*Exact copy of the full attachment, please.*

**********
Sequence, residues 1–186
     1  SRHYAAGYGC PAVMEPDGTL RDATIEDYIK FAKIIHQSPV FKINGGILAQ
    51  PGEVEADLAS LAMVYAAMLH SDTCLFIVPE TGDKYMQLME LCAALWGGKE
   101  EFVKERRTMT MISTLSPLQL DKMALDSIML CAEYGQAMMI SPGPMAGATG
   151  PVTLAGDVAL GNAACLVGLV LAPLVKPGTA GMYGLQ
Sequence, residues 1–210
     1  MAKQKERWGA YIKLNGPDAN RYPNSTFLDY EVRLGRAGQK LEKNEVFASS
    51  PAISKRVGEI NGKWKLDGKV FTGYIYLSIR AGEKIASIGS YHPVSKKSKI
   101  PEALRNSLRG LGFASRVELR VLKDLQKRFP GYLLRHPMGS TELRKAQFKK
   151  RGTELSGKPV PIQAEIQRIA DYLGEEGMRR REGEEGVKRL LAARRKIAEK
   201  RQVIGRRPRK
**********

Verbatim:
Sequence, residues 1–186
     1  SRHYAAGYGC PAVMEPDGTL RDATIEDYIK FAKIIHQSPV FKINGGILAQ
    51  PGEVEADLAS LAMVYAAMLH SDTCLFIVPE TGDKYMQLME LCAALWGGKE
   101  EFVKERRTMT MISTLSPLQL DKMALDSIML CAEYGQAMMI SPGPMAGATG
   151  PVTLAGDVAL GNAACLVGLV LAPLVKPGTA GMYGLQ
Sequence, residues 1–210
     1  MAKQKERWGA YIKLNGPDAN RYPNSTFLDY EVRLGRAGQK LEKNEVFASS
    51  PAISKRVGEI NGKWKLDGKV FTGYIYLSIR AGEKIASIGS YHPVSKKSKI
   101  PEALRNSLRG LGFASRVELR VLKDLQKRFP GYLLRHPMGS TELRKAQFKK
   151  RGTELSGKPV PIQAEIQRIA DYLGEEGMRR REGEEGVKRL LAARRKIAEK
   201  RQVIGRRPRK